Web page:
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Why Does Bitcoin Have Value?

How Bitcoin’s Price is Determined

The technology and science behind Bitcoin can be very confusing. To invest in and use Bitcoin you don’t necessarily need to know everything about it. But one thing you’re probably wondering is where its value comes from. Why is a Bitcoin worth this amount one day, and some other amount another day? The answer is simpler than you might think.

Social Science

Just like any form of trade or currency, bitcoin has value simply because people say it does. Bitcoin is only worth something because a large group of people decided that it was worth something. It is very similar to cash in that way, or gold. While cash is really only a piece of paper, and gold is really only a hunk of metal, bitcoin is really only a collection of numbers online.

But if bitcoin’s worth is as simple as us deciding it has value, how do we decide how much that value is? And how could it possibly be something you can invest in? There are a few answers to these questions.

Bitcoin is Finite

First and foremost, there is one huge difference between bitcoin and cash that completely changes the way their values are determined. When you look at cash, it is possible for the government to simply print more bills and put it into circulation, therefore making it momentarily less valuable due to a surplus.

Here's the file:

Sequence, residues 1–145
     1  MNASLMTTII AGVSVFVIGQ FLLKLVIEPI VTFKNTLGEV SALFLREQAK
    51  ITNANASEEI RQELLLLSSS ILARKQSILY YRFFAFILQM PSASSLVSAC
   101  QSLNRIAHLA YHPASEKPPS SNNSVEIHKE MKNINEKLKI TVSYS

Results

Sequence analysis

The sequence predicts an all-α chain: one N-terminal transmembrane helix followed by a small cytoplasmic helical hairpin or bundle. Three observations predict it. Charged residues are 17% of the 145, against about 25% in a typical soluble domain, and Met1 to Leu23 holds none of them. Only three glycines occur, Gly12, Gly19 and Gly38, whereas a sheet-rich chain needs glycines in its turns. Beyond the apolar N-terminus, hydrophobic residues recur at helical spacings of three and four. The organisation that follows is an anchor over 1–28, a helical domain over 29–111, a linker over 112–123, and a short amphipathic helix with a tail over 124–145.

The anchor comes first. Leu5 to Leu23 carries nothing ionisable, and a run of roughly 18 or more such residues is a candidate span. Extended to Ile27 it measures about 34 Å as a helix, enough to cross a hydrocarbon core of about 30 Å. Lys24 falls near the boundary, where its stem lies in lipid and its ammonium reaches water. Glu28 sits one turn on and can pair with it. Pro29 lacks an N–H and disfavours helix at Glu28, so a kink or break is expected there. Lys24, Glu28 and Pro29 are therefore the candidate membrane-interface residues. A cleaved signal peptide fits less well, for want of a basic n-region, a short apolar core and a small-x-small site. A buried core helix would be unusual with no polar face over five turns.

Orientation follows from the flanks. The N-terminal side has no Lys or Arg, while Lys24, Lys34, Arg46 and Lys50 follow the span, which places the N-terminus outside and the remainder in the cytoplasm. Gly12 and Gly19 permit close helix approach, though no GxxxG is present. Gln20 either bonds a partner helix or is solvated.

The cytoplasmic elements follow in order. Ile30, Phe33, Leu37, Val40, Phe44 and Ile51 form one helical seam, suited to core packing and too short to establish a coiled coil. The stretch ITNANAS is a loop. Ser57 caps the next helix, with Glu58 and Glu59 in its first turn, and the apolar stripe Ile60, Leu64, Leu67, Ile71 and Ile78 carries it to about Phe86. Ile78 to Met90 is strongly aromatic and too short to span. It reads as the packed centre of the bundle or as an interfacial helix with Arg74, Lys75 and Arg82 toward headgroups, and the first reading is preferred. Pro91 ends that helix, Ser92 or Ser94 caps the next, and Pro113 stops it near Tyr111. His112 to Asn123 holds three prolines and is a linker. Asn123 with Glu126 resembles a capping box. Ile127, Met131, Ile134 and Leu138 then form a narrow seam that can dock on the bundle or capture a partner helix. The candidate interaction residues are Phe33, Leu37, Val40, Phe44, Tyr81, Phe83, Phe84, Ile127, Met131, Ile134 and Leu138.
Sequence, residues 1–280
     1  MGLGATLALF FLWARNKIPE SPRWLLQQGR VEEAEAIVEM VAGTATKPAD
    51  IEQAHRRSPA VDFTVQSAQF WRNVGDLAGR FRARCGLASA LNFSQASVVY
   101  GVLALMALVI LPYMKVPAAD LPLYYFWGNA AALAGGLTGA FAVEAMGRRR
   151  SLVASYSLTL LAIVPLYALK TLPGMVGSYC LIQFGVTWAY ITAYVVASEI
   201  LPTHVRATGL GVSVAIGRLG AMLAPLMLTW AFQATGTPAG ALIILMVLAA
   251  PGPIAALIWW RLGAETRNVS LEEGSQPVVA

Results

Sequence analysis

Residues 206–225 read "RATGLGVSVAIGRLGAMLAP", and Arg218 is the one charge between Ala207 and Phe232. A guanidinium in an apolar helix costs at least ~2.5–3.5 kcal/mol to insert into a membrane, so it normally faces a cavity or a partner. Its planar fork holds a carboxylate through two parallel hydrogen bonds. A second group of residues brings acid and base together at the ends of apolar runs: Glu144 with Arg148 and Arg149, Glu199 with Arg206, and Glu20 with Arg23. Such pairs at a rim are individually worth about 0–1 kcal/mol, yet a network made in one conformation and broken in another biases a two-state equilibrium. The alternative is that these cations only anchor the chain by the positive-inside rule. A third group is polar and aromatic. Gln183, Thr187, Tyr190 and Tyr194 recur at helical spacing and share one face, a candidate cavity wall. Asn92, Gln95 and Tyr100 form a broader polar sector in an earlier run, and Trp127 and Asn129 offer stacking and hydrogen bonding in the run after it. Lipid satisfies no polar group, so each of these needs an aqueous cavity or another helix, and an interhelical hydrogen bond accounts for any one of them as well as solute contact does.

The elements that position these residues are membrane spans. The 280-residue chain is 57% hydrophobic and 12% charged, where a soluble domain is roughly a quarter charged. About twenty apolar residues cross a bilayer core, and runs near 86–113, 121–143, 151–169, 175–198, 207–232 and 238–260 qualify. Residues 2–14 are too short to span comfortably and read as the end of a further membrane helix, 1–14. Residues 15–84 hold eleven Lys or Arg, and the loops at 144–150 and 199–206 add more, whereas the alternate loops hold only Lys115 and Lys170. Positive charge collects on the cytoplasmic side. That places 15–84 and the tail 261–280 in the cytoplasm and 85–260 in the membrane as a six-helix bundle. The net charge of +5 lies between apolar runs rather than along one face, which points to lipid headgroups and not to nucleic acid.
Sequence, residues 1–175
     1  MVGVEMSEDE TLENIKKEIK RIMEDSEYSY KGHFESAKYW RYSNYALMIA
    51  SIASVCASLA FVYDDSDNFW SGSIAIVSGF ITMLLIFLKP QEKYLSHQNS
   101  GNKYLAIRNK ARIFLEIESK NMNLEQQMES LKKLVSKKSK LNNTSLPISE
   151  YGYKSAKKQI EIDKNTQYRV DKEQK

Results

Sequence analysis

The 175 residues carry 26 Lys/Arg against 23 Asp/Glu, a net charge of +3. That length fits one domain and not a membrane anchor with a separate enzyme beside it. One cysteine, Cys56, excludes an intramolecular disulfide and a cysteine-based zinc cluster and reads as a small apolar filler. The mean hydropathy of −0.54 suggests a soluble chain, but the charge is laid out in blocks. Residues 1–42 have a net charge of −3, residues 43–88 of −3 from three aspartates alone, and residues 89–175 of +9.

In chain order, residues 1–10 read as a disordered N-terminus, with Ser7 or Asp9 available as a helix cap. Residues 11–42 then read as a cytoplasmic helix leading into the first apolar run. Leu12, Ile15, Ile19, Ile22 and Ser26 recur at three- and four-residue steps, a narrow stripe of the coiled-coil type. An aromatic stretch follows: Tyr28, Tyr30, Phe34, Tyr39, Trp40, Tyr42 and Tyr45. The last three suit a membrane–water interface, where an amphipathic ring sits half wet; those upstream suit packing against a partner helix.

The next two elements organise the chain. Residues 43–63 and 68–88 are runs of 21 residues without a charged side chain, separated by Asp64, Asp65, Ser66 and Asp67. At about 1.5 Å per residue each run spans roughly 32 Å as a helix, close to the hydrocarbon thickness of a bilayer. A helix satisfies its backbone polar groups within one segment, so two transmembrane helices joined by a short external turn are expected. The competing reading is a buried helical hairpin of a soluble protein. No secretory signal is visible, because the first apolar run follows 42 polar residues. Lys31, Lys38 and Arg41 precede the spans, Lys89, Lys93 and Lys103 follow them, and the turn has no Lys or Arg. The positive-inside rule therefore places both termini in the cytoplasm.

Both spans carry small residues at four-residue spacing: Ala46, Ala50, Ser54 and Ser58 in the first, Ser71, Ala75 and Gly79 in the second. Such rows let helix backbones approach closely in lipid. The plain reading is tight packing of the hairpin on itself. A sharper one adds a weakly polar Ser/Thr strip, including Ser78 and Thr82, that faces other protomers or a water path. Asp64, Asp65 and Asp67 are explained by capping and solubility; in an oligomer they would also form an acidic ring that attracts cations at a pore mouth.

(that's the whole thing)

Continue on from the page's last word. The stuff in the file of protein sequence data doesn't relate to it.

With Bitcoin, this isn’t possible. You cannot simply produce more bitcoin. In fact, a limited amount of Bitcoin exists, meaning there is a limited amount of Bitcoin to be mined. Once all of the 21 million bitcoins are mined, there simply will be no way to acquire bitcoin other than trading with one another. Basically, Bitcoin is finite. Its value cannot be adjusted by simply creating more Bitcoin (and in this way, it’s similar to gold).

Just like producing too much of a currency, you also face the danger of making too little. Because eventually (in the VERY distant future, like 120 years) there will be no more Bitcoin to be mined, we are unsure of what exactly will happen to Bitcoin and its value. It is safe to assume, though, that this will not be the end of Bitcoin.

To combat this and slow the rate at which Bitcoins are mined, an event exists called “The Halvening”. This happens every four years and, to put it simply, “The Halvening” (or Halving) is when the number of new bitcoins entering circulation is halved — and the reward bitcoin miners receive is halved as well.

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